Wednesday, September 08, 2004

Electoral fraud anyone?
The Venezuelan electronic electoral fraud plot thickens

Today the preliminary report from the commission studying the fraud on behalf of the Coordinadora Democratica has been released. The recommendation is quite obvious: the referendum should be brought to the courts to be voided as there seem to be enough evidence pointing to a possible electoral fraud.

But there is more. The electoral registry should be questioned, if not redone. Smartmatic, the smart assed machine seller, and associates should be brought to court in the US (Foreign Corrupt Practices Act). The Venezuelan ID card system should be overhauled as too many people seem to have fake ID cards.

I cannot yet at this point decide on the validity of all of these points though intuitively it is confirming a lot of the stuff I have been writing about recently. And still, this would not mean that Chavez lost the vote, only that Chavez fattened his lead, substantially. Is that enough to jail him? One would think so, but then again the Florida fiasco has yet to land anyone in jail as far as I know.

I will not go into details, I prefer to wait for more information until I decide which are the damming elements, in my opinion. One thing I liked though, is that the electronic fraud patterns have been varied and that this was a well thought fraud scheme. The disparity between SI and NO distribution was only a minor element! Real statisticians have found much more stuff and right now some are willing to put their academic career on the line by stating that the possibility that the distribution of the electoral results is LESS than 1% probable if there is no fraud involved. Translation: it looks like there is indeed fraud and this deserves further studies (the Haussman/Rigobon report). Meanwhile as Ibsen Martinez writes in his El Nacional column, Venezuela has become the land of mathematicians!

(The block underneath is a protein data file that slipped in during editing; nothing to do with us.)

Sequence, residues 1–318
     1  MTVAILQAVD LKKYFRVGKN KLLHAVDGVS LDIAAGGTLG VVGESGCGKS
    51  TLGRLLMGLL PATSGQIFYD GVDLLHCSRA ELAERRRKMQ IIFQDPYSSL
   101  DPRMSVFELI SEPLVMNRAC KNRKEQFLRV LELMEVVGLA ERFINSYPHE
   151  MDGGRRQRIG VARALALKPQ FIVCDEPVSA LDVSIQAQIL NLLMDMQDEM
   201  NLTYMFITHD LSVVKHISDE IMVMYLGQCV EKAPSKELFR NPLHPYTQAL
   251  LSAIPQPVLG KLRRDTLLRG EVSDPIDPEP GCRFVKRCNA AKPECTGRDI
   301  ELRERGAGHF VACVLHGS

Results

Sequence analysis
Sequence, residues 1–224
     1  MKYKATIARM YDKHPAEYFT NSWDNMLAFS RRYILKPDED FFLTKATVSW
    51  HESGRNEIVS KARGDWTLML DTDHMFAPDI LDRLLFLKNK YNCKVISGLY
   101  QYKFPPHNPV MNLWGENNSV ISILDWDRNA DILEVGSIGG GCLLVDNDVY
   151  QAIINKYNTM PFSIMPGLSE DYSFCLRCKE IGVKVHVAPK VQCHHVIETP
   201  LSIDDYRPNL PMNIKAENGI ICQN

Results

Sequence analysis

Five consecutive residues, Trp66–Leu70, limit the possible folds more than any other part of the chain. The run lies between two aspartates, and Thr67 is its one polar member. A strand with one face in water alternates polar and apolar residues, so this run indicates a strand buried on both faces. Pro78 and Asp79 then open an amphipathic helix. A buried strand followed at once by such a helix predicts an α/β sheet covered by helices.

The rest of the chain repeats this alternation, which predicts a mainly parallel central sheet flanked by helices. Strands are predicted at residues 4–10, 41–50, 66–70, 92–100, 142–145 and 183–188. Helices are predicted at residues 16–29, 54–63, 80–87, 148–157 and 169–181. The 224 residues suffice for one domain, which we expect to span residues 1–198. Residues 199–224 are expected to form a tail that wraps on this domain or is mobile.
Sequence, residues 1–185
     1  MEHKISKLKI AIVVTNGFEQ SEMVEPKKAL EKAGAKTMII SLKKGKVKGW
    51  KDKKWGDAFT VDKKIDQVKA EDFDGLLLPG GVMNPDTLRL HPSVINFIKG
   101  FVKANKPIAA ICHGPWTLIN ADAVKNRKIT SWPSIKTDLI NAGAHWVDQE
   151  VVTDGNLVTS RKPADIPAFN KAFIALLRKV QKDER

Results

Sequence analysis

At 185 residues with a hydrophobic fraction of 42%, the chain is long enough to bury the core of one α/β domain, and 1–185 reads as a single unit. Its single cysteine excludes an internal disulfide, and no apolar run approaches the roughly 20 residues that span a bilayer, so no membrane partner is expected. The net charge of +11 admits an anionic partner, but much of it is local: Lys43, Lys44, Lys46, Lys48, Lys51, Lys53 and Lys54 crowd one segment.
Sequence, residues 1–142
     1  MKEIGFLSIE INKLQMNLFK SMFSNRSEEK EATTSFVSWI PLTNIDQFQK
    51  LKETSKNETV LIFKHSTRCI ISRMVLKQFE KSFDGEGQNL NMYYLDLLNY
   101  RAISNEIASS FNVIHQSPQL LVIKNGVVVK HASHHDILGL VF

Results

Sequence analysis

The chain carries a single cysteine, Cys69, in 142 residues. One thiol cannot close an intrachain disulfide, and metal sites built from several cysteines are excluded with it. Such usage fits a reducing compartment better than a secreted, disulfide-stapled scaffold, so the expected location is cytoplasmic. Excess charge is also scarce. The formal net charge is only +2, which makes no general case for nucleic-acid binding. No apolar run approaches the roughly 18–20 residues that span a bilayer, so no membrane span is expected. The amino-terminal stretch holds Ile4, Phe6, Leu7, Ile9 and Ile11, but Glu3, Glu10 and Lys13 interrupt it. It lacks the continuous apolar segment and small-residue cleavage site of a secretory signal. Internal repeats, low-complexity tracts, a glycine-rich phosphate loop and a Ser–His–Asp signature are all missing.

For the sake of entertainment I would like to report on two cute fraud mechanisms.

Apparently someone tried to make a quick buck by selling to a recycling facility some of the ballot boxes of the CNE. It seems that it is OK to sell old material but it seems that some of the boxes were from August 15... Far from me to think evil, rather I think that the CNE security is definitely lax and if some guy can sell ballots for recycling, imagine what the military guards have been able to do to the boxes. Definitely, counting ballots is now useless.

Another much more interesting thing is the number of voters in some circuits. For example, in Santos Michelena there are 41.941 inhabitants according to the 2004 census. Well, would you believe that there are 63.518 registered voters? That is, 153% of the people living there can vote. I suppose this gives a new meaning to dead people voting... You might say that this was a fluke. Unfortunately this happens in several other locales, and apparently up to 800 000 of the newly registered voters, in that scandalous last minute voting drive registration, did not report an address and thus we cannot check if they are legitimate.

I do not know about you, but this reminds me of the distinguished Louisiana voting history where even alligators voted.


PS: Written later. Listening to the TV this morning it seems that I misunderstood something yesterday. In the cases like Santos Michelena, there are actually more voters than the population or registered voters in those districts. If anything, it makes it worse :-)
I will wait eagerly for the publication of these numbers and perhaps put a little one of my tables.

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